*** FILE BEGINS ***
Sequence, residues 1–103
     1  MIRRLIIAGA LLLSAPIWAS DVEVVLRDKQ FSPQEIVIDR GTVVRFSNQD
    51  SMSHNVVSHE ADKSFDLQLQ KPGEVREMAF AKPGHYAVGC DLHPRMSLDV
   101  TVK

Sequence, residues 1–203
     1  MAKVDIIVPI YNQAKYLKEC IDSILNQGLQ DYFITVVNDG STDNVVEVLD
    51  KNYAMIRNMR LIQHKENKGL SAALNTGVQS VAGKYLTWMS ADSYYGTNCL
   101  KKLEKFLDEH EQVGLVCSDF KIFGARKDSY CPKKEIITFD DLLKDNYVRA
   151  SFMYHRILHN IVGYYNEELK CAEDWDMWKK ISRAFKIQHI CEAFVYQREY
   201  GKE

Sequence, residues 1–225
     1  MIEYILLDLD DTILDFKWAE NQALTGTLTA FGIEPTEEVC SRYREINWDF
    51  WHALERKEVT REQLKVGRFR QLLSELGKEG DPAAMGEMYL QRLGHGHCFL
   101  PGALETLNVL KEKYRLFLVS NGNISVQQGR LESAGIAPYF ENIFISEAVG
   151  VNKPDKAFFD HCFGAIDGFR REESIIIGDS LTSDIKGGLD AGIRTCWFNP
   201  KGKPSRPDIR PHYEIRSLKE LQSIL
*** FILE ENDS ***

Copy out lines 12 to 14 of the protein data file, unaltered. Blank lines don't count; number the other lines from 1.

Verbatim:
     1  MIEYILLDLD DTILDFKWAE NQALTGTLTA FGIEPTEEVC SRYREINWDF
    51  WHALERKEVT REQLKVGRFR QLLSELGKEG DPAAMGEMYL QRLGHGHCFL
   101  PGALETLNVL KEKYRLFLVS NGNISVQQGR LESAGIAPYF ENIFISEAVG